means they can grow even if the drug is present. This indicates an ineffective antibiotic.


means a higher dose of the antibiotic is needed to prevent growth.

Interpretation of Urine Culture Test Results

Urine Culture Normal

No bacteria or other organisms (such as fungi) grow in the culture. The culture result is negative.

Urine culture Abnormal:

Organisms (usually bacteria) grow in the culture. The culture result is positive.A count of 100,000 or more bacteria per milliliter (mL) of urine may be caused by an infection. A count ranging from 100 to 100,000 could be either caused by infection or by contamination of the sample (you may need a repeat urine culture). If the count is 100 or less, infection is unlikely; however, a count of 100 or less may also be seen if you are already taking antibiotics. If test results are positive, sensitivity testing may be done to help make decisions about treatment.

Time required in conventional test for sensitivity and treatment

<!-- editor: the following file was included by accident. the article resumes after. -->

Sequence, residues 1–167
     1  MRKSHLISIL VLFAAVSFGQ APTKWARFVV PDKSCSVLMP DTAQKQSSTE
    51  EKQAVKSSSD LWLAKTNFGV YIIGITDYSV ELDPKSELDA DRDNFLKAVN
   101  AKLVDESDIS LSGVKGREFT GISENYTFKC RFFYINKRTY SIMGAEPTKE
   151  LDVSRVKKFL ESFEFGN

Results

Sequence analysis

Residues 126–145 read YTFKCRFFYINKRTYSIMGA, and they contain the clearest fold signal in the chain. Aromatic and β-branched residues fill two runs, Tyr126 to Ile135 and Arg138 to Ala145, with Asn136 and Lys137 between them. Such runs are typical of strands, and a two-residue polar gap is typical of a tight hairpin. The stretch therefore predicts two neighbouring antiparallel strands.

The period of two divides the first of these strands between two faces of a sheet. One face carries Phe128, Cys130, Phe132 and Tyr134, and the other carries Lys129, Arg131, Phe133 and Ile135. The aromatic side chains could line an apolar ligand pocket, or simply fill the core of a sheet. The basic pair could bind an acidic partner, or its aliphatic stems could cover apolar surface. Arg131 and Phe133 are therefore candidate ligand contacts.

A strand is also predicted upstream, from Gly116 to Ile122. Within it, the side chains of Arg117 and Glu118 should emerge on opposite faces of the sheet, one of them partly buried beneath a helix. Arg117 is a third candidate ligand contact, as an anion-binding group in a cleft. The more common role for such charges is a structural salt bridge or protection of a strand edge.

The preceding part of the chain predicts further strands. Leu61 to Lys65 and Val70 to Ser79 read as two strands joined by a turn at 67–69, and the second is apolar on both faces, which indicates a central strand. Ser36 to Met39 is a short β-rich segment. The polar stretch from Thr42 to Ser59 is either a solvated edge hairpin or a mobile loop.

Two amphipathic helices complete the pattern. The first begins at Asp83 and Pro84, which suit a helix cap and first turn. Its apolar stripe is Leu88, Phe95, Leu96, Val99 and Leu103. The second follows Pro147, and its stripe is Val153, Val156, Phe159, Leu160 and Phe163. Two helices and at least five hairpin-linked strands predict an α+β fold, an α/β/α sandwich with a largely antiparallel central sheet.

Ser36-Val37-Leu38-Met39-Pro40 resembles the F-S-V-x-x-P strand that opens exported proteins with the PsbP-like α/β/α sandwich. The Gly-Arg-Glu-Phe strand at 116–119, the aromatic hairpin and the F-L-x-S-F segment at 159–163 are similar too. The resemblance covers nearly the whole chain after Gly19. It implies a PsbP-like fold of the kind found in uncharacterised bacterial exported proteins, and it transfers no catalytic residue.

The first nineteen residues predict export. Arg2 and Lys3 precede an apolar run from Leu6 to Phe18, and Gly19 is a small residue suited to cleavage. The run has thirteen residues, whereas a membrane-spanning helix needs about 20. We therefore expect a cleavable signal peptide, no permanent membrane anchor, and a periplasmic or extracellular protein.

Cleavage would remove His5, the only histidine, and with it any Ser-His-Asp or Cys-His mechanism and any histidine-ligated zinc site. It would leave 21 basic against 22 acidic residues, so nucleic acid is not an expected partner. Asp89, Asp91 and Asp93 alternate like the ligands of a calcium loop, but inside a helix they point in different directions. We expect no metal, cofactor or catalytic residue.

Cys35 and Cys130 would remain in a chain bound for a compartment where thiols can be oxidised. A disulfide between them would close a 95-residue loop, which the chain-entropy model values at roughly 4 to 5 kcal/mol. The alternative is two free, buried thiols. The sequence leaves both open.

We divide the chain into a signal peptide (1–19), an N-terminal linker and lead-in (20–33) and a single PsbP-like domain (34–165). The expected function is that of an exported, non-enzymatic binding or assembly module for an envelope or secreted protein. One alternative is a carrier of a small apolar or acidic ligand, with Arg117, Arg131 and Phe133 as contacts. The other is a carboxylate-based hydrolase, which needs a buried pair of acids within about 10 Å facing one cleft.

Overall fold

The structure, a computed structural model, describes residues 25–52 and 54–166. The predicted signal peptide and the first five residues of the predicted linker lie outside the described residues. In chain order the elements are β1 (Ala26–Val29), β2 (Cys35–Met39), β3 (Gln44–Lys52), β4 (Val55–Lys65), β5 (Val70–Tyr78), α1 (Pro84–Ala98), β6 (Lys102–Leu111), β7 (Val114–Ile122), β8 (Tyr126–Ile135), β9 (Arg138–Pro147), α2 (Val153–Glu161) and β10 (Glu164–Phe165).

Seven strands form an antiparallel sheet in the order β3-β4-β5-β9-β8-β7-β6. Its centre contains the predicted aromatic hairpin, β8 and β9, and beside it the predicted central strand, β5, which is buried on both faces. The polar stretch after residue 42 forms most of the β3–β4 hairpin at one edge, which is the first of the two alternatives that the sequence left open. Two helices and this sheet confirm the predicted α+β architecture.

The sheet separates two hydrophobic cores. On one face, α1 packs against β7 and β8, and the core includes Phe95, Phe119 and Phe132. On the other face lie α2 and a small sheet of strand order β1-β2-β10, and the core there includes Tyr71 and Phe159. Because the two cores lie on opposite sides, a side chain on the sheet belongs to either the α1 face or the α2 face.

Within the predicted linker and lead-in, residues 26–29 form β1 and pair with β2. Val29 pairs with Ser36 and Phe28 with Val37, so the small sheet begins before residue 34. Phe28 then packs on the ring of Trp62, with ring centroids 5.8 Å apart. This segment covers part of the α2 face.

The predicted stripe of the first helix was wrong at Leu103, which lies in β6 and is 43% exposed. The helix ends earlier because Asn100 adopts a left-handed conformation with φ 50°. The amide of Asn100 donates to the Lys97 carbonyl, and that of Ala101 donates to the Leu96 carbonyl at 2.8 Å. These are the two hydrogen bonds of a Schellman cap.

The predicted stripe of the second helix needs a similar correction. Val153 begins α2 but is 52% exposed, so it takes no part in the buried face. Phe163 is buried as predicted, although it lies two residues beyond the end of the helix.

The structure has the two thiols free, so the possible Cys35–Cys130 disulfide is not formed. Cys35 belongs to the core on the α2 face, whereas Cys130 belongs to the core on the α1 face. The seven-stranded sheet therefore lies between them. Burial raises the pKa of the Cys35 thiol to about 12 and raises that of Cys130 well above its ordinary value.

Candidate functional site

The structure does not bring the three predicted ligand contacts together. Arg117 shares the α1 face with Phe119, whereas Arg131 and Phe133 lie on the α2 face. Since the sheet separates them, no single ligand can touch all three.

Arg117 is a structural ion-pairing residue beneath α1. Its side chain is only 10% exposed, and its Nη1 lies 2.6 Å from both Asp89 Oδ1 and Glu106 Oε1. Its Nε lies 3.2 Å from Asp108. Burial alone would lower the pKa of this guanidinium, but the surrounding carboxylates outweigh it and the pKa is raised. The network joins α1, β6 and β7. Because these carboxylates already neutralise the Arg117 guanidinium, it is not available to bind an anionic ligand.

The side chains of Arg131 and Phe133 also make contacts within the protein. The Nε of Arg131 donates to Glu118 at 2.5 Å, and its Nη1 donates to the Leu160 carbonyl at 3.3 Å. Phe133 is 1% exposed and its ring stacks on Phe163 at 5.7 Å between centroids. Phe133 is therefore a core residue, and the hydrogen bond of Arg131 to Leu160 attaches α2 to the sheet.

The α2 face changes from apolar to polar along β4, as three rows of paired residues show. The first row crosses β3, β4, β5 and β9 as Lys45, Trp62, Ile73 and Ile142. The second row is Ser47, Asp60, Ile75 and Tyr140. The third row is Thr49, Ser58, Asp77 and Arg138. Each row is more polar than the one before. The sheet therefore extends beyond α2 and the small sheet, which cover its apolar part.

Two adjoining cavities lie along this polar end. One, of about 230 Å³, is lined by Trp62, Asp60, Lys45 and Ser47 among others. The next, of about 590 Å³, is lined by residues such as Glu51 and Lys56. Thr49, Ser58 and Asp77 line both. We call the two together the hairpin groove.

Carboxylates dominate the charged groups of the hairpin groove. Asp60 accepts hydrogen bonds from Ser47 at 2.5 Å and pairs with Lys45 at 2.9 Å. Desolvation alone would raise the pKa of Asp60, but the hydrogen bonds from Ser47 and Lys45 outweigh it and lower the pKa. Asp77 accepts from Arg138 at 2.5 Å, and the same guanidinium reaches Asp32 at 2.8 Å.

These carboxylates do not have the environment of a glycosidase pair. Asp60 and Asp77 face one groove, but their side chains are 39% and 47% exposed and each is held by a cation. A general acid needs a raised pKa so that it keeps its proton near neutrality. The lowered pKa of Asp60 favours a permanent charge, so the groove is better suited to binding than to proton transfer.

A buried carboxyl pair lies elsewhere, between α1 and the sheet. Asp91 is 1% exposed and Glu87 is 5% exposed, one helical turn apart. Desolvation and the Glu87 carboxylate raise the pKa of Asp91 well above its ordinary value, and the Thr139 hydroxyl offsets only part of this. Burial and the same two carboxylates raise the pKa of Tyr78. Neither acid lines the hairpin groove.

A urine culture is a test to detect and identify organisms (usually bacteria) that may be causing a urinary tract infection (UTI). Urine culture results are usually ready in 1 to 3 days. Some organisms take longer to grow in the culture; for this reason, results may not be available for several days.
RightBiotic is a method for rapid urine cuture testing. It can give the sensitivity results in 4hrs.

Procedure adopted by RightBiotic

RightBiotic is designed to test for presence of bacteria and sensitivity together. It works by reducing the time for culture assay which is 24-48hrs to 4 hrs and gives a sensitivity report at the end of test is sample is found positive for bacteria.